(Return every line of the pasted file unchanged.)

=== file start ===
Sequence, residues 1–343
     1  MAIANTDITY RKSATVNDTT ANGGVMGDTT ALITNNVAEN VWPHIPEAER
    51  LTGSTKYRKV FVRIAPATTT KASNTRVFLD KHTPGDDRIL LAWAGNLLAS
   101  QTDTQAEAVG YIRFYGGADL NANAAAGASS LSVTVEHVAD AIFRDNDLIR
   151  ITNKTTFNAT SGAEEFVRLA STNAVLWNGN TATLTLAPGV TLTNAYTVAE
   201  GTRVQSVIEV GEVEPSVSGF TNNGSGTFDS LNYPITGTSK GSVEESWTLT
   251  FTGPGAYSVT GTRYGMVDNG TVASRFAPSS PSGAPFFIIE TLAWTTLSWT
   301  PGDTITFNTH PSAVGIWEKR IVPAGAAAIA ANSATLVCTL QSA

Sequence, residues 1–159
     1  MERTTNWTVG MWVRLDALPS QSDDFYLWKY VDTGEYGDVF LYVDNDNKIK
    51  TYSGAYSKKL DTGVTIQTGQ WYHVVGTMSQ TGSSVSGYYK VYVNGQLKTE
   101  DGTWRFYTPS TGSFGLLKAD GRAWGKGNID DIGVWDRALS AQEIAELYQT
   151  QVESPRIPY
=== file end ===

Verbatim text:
Sequence, residues 1–343
     1  MAIANTDITY RKSATVNDTT ANGGVMGDTT ALITNNVAEN VWPHIPEAER
    51  LTGSTKYRKV FVRIAPATTT KASNTRVFLD KHTPGDDRIL LAWAGNLLAS
   101  QTDTQAEAVG YIRFYGGADL NANAAAGASS LSVTVEHVAD AIFRDNDLIR
   151  ITNKTTFNAT SGAEEFVRLA STNAVLWNGN TATLTLAPGV TLTNAYTVAE
   201  GTRVQSVIEV GEVEPSVSGF TNNGSGTFDS LNYPITGTSK GSVEESWTLT
   251  FTGPGAYSVT GTRYGMVDNG TVASRFAPSS PSGAPFFIIE TLAWTTLSWT
   301  PGDTITFNTH PSAVGIWEKR IVPAGAAAIA ANSATLVCTL QSA

Sequence, residues 1–159
     1  MERTTNWTVG MWVRLDALPS QSDDFYLWKY VDTGEYGDVF LYVDNDNKIK
    51  TYSGAYSKKL DTGVTIQTGQ WYHVVGTMSQ TGSSVSGYYK VYVNGQLKTE
   101  DGTWRFYTPS TGSFGLLKAD GRAWGKGNID DIGVWDRALS AQEIAELYQT
   151  QVESPRIPY